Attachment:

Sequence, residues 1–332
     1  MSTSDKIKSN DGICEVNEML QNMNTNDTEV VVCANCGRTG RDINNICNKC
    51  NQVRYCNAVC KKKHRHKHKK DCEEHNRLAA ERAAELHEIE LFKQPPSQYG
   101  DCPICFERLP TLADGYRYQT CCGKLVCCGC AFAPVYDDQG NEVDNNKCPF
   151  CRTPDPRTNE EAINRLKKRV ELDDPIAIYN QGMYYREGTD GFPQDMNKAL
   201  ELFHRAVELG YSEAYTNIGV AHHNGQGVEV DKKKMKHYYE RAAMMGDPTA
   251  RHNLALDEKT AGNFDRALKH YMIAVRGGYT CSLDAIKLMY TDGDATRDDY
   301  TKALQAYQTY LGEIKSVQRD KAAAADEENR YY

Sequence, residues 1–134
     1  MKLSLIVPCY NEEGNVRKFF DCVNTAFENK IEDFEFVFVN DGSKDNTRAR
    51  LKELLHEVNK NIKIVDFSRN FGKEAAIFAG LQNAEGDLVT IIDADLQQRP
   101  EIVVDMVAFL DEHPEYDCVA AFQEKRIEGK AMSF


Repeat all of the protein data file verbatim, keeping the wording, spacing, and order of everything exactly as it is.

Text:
Sequence, residues 1–332
     1  MSTSDKIKSN DGICEVNEML QNMNTNDTEV VVCANCGRTG RDINNICNKC
    51  NQVRYCNAVC KKKHRHKHKK DCEEHNRLAA ERAAELHEIE LFKQPPSQYG
   101  DCPICFERLP TLADGYRYQT CCGKLVCCGC AFAPVYDDQG NEVDNNKCPF
   151  CRTPDPRTNE EAINRLKKRV ELDDPIAIYN QGMYYREGTD GFPQDMNKAL
   201  ELFHRAVELG YSEAYTNIGV AHHNGQGVEV DKKKMKHYYE RAAMMGDPTA
   251  RHNLALDEKT AGNFDRALKH YMIAVRGGYT CSLDAIKLMY TDGDATRDDY
   301  TKALQAYQTY LGEIKSVQRD KAAAADEENR YY

Sequence, residues 1–134
     1  MKLSLIVPCY NEEGNVRKFF DCVNTAFENK IEDFEFVFVN DGSKDNTRAR
    51  LKELLHEVNK NIKIVDFSRN FGKEAAIFAG LQNAEGDLVT IIDADLQQRP
   101  EIVVDMVAFL DEHPEYDCVA AFQEKRIEGK AMSF